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The rich really are getting richer

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A recent report by Oxfam SA states that the wealth of three South African billionaires is equal to that of the bottom half of the country's population. This ratio is slightly higher than the global average: the world’s eight richest men own the same wealth as the poorest half of the world.

rich getting richerIt seems slightly grotesque – eight men enjoy the same earnings as 3.6 billion people. And of those 3.6 billion people, most are going to bed hungry. One in nine people on the planet do not earn enough to feed themselves.

“It is obscene for so much wealth to be held in the hands of so few when 1 in 10 people survive on less than $2 a day,” said Winnie Byanyima, executive director of Oxfam International. “Inequality is trapping hundreds of millions in poverty; it is fracturing our societies and undermining democracy.” It’s no wonder that Oxfam predicts a slow rolling back of globalisation as the world’s poverty stricken nations start to look inward in order to improve their financial situations.

Proponents of capitalism made a half-hearted attempt at defence after the report was released. Mark Littlewood, Director General at the Institute of Economic Affairs, was one of these. “Once again Oxfam has come out with a report that demonises capitalism, conveniently skimming over the fact that free markets have helped over 100 million people rise out of poverty in the last year alone,” he said.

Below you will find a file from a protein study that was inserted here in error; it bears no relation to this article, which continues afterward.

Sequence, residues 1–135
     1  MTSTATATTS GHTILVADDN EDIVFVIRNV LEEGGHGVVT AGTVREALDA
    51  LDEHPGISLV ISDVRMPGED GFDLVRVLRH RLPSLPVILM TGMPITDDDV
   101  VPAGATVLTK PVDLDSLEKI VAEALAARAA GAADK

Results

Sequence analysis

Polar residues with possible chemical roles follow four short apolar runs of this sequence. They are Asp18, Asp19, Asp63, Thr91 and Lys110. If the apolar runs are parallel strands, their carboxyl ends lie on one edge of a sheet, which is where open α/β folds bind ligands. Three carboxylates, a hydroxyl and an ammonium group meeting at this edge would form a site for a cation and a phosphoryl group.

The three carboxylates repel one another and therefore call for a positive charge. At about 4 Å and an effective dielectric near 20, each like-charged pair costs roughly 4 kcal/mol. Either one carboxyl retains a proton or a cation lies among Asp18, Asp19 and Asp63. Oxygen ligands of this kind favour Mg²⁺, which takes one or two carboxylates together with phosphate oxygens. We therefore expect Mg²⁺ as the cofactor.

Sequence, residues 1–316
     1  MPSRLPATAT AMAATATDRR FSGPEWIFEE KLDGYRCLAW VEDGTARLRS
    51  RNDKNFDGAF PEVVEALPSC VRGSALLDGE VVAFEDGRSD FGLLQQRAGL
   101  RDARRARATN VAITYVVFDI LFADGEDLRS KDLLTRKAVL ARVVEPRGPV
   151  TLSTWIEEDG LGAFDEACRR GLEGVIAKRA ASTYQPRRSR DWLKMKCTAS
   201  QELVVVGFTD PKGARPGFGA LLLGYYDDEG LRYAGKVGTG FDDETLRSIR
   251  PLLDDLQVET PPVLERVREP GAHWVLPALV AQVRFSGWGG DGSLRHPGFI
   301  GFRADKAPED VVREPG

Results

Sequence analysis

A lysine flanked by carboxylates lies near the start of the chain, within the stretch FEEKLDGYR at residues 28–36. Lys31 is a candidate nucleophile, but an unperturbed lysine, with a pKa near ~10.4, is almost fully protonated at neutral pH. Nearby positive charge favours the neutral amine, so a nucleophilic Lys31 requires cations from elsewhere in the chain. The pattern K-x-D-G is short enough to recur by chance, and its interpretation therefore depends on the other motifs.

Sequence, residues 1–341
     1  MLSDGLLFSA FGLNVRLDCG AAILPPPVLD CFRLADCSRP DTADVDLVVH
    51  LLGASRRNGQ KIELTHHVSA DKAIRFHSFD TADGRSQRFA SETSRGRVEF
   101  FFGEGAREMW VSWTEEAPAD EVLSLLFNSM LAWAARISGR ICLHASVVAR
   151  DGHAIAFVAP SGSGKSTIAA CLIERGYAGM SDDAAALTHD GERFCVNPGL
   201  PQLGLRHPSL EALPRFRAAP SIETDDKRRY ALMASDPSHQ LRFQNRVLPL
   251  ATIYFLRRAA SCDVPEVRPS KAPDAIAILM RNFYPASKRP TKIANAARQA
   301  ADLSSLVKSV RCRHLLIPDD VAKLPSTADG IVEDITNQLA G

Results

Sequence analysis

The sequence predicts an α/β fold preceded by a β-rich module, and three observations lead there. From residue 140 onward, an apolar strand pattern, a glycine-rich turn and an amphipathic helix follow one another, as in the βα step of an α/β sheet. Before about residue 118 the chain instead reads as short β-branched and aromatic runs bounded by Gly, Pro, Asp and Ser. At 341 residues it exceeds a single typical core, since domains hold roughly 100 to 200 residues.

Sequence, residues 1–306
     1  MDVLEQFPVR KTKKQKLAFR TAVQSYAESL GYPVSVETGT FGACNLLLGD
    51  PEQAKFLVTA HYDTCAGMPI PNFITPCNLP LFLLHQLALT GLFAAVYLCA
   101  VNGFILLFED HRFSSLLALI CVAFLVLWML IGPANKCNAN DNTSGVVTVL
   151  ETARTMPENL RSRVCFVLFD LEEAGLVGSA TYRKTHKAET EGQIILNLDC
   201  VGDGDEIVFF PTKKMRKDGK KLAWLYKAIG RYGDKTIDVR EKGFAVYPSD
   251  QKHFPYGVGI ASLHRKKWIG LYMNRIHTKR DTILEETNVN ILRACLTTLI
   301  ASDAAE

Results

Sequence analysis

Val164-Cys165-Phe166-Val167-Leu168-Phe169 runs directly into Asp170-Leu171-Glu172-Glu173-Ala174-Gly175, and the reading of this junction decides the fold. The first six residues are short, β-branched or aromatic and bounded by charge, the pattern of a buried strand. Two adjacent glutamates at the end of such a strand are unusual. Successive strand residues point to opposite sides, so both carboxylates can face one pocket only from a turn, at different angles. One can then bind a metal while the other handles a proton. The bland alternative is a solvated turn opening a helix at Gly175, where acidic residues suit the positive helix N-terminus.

That seems a poor argument against that stark fact that eight men have a combined net worth of $426-billion, while impoverished families live on as little as $10 a day. For the 100 million people that have “risen out of poverty”, billions more are suffering as the free market system helps the rich get richer.

Oxfam used Forbes’ ranking of global billionaires and wealth data from Credit Suisse in order to reach its conclusions. Locally, it made use of data made available by the JSE. 80% of the bottom half of the world’s population are adults living in Africa and India, and South Africa and India are two countries where an even tinier percentage of the population owns the bulk of the country’s wealth.

“Such inequality is the sign of a broken economy, from global to local, and lack of will from government to change the status quo. Governments, including the South African government, can act to help everyone not just those at the top. They can build an economy where businesses pay their taxes and contribute to the wider good; where everyone is able to be healthy and educated, and where poverty wages are a thing of the past,” said Oxfam SA executive director Sipho Mthathi at the media briefing when the report was released.

This noble sentiment sounds like a fairy tale or daydream in light of South Africa’s – and the rest of the world’s – losing battle to fight inequality. While race relations is too often the focus of our economic and political landscape, the Oxfam report points to a bleaker interpretation that has more to do with the fundamental economic makeup of the free market-following world.

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